Former USET chairman Finn M.W. Caspersen, whose competitive nature paid off in a shining multitude of medals for America, died September 7 in Rhode Island. He was 67.Former USET chairman Finn M.W. Caspersen, whose competitive nature paid off in a shining multitude of medals for America, died September 7 in Rhode Island. He was 67.
Gladstone, NJ — Former USET chairman Finn M.W. Caspersen, whose competitive nature paid off in a shining multitude of medals for America, died September 7 in Rhode Island. He was 67.
"His leadership over his 20 years with the team was extraordinary. It brought the team to an entirely new level and we can’t be anything but forever grateful to Finn," said Jane Forbes Clark, the USET Foundation’s president and CEO.
During Mr. Caspersen’s tenure, which began in 1982 when he was elected to the USET board, the team won 71 medals, including 25 golds in the Olympics, World Championships and Pan American Games.
His personal involvement with combined driving led the U.S. to prominence in the discipline, previously dominated by Europeans. Mr. Caspersen’s determination to put America on the map in that sport paid off with a gold medal in the 1991 World Pairs Driving Championship, which opened the door to his hugely successful staging of the 1993 World Pairs Championship at Hamilton Farm in Gladstone, N.J., home of the USET.
His equestrian involvement was only one segment of the many contributions he made to the worlds of business, education, sports, government and philanthropy, but it was a considerable passion.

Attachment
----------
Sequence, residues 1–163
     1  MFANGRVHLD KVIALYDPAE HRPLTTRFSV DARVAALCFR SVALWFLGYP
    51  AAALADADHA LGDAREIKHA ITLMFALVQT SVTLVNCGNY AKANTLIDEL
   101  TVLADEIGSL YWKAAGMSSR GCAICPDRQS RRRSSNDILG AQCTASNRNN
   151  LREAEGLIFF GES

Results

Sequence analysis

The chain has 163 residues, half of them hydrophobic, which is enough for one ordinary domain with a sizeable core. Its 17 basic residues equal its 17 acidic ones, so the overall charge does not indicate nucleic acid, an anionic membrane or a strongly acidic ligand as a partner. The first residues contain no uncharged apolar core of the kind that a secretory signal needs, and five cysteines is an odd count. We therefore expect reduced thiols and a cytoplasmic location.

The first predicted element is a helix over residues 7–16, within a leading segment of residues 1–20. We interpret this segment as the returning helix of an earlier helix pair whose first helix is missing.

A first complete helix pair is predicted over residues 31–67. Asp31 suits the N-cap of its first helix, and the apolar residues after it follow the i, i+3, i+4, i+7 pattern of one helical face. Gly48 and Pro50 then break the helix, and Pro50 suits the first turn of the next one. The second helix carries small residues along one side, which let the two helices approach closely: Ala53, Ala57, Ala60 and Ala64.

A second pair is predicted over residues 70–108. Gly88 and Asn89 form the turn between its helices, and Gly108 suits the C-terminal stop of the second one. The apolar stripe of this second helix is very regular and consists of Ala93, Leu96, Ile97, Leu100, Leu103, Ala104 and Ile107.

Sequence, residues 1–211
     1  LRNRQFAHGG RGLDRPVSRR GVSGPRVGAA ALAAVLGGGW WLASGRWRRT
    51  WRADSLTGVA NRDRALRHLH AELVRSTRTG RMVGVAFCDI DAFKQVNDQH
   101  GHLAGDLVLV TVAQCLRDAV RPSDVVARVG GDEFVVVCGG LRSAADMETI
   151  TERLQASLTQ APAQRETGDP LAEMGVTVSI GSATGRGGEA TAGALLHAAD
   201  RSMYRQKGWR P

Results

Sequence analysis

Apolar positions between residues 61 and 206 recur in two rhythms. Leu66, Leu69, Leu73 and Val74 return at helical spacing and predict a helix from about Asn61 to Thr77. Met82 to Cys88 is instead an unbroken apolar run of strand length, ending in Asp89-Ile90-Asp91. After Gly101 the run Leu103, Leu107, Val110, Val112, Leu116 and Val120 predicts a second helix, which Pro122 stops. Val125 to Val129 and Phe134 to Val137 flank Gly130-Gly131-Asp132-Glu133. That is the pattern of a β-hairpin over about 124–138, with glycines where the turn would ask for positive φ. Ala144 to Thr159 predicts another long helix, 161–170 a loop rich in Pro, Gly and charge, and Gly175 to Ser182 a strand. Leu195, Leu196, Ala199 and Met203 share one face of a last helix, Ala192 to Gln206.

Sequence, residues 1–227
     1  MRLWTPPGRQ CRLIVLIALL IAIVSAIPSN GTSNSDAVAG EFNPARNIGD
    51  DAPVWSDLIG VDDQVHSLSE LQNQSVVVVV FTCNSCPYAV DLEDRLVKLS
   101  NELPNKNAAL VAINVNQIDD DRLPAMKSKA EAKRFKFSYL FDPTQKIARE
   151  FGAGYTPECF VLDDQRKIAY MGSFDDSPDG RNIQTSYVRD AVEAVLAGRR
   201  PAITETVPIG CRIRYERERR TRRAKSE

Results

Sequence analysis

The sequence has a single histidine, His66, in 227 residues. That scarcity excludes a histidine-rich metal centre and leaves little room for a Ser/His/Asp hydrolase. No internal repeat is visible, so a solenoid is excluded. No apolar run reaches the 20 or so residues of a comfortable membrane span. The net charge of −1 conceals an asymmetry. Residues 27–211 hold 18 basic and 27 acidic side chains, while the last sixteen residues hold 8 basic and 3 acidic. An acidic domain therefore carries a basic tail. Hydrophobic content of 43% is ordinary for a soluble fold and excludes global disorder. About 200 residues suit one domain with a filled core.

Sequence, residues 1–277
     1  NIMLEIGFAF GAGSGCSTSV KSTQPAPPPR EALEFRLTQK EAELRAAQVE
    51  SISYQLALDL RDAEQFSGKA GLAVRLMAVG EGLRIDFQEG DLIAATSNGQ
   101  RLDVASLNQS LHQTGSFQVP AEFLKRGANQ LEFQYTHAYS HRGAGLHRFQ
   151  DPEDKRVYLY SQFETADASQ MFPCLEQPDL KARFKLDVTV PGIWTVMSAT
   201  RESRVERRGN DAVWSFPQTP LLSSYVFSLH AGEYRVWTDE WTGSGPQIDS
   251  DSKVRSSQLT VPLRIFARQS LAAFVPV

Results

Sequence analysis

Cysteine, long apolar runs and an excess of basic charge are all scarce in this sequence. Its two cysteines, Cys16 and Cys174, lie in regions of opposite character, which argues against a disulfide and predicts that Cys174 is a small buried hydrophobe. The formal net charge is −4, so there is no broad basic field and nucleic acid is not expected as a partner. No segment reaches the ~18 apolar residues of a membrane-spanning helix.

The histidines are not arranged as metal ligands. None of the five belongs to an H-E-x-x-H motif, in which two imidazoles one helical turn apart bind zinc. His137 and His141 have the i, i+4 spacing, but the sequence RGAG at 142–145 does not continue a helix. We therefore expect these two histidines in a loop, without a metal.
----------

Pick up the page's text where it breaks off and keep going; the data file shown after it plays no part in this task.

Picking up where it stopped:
"Finn was a huge sports fan," Clark recalled.
"He loved wrestling, he loved rowing, he loved horses and there was no more enthusiastic owner to be involved with his own team of combined driving horses than Finn," she said. He would shed his perennial suit and bowtie for far more casual attire when he rode on the marathon vehicle, helping driver Bill Long as a navigator, and would don grooms’ garb to sit on the carriage during the cones phase of competition without ever compromising his innate dignity.
In his role with the USET, Mr. Caspersen became a prominent figure on the international equestrian scene, where, Clark observed, "he was highly regarded and highly respected. What people saw were the characteristics we loved in Finn, which were his commitments, his enthusiasm and his determination to do to the best for the sport that he could do."
Mr. Caspersen was elected as the USET’s treasurer in 1987, and three years later, became president and chairman of the executive committee. In 1992, he moved up to be chairman of the board, a post he held until 2002.
As chairman of Beneficial Corp., which owned Hamilton Farm at one time, Mr. Caspersen made sure that the USET would always have access to its historic headquarters by making sure the property was deeded to the team.
A graduate of Brown University and Harvard University Law School, Mr. Caspersen was vitally interested in education and headed a highly successful fundraising effort for the law school. His interests and achievements were far-flung. Mr. Caspersen served on the town commission in Jupiter Island, Fla., where he lived for much of the year; he was a director of the Hospital for Special Surgery in New York, an honorary lifetime officer of the Royal Windsor Horse Show and the founder of the Gladstone Equestrian Association.
Mr. Caspersen, chairman of Knickerbocker Management, a private investment firm, is survived by his wife, Barbara; four sons and grandchildren.
The United States Equestrian Team Foundation (www.uset.org) is the non-profit organization that supports the competition, training, coaching, travel and educational needs of America’s elite and developing international, high-performance horses and athletes in partnership with the United States Equestrian Federation.
For more information on the USET Foundation, please call (908) 234-1251, or visit USET ONLINE at www.uset.org.